# Spark Scala Hash Functions

Hash functions serve many purposes in data engineering. They can be used to check the integrity of data, help with duplication issues, cryptographic use cases for security, improve efficiency when trying to balance partition sizes in large data operations and many more.

At the theoretical level, a hash function is a mathematical algorithm that takes an input and produces a fixed length output known as a hash value. It is deterministic, ensuring the same input always results in the same hash value and is they are designed to be fast to compute.

Hash functions are designed to easily compute the hash but not go in the other direction: from hash to original input value. Some hash functions are considered crypto graphically secure and others are not. This changes over time as compute power and techniques are continually changing the landscape of hash functions.

## Different Spark Hashing Functions

In spark scala there are multiple different hash functions available that have different use cases:

`def md5(e: Column): Column`

The md5 hash is not considered cyptographically secure and must not be used for security purposes. For example password hashes. It is vulnerable to collisions and therefore md5 is deprectated. However, there are still some benefits when checksums and data duplication detection when security is not a concern.

`def sha1(e: Column): Column`

Once widly used sha1 is no longer considered cryptographically secure. It is also considered deprectated. Similar to md5 it can be used for non cryptograhic situations where speed is important and security is not. For example deplicate data detection.

`def sha2(e: Column, numBits: Int): Column`

Sha2 as of this writing is considered cryptographically secure. There are mutiple bit lengths that can be used: 224, 256, 384 or 512 bits. The longer the bits the slower the hashing algorithm and the more computationally secure it is.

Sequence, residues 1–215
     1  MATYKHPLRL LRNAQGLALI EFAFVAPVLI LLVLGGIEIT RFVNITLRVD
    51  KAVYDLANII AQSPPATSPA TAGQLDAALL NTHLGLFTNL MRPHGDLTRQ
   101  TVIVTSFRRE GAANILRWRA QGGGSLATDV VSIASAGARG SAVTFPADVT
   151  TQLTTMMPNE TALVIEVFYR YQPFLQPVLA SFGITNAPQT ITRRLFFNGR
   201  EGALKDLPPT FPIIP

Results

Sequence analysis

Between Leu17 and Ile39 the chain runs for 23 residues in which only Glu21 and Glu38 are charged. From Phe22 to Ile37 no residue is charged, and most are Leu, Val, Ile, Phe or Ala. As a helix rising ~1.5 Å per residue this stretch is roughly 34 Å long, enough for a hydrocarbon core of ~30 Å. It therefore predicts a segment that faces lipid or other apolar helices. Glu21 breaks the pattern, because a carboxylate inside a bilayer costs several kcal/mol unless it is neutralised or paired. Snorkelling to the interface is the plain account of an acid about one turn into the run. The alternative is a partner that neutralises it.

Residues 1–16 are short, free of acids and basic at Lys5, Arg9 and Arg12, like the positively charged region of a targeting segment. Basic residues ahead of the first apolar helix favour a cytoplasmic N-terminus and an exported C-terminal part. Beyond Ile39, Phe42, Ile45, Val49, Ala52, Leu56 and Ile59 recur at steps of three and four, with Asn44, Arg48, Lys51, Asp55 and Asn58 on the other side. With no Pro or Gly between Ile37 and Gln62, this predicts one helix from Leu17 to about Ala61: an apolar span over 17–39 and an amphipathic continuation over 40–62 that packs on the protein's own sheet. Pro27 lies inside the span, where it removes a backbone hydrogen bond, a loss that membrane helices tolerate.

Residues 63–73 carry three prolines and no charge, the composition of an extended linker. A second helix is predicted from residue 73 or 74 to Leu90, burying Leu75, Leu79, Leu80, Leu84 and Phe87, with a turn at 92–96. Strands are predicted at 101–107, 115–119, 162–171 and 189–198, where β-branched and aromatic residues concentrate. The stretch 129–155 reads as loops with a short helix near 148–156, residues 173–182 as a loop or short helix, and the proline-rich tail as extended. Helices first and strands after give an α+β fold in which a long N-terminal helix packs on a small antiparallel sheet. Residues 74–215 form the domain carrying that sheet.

`def crc32(e: Column): Column`

Crc32 or Cyclic Redundancy Check 32 is a hashing algorithm that is used detect errors in data. It is not considered cryptographically secure and is really only used for data integrity checks.

`def hash(cols: Column*): Column`

The `hash`

functions is a generic hashing function that under the hood uses the murmer3 algorithm. It is not cryptographically secure and is designed for speed and efficiency. This is a good option to use when using non cryptographically related hashing use cases.

`def xxhash64(cols: Column*): Column`

Also known as the Extremely Fast Hash 64, this is also not cryptographically secure and instead is used for hashing use cases where speed and efficiency are important but not security.

## Spark Hash Function Examples

Let's see the spark scala hash functions in action:

```
val df = Seq("The quick brown fox...").toDF("data")
val df2 = df
.withColumn("md5", md5(col("data")))
.withColumn("sha1", sha1(col("data")))
.withColumn("sha2", sha2(col("data"), 256))
.withColumn("crc32", crc32(col("data")))
.withColumn("hash", hash(col("data")))
.withColumn("xxhash64", xxhash64(col("data")))
df2.show(false)
// +----------------------+--------------------------------+----------------------------------------+----------------------------------------------------------------+----------+---------+--------------------+
// |data |md5 |sha1 |sha2 |crc32 |hash |xxhash64 |
// +----------------------+--------------------------------+----------------------------------------+----------------------------------------------------------------+----------+---------+--------------------+
// |The quick brown fox...|9336f028b6d8712c67aa49a515d3e1fc|161d9faa371830b8a1b87798af228bd933bfc212|c42006f4f6e9397ed70efd189e277a6daf21b39a09deb1da4ca9dcd302d364c5|3501303675|996037910|-1261469731064246631|
// +----------------------+--------------------------------+----------------------------------------+----------------------------------------------------------------+----------+---------+--------------------+
```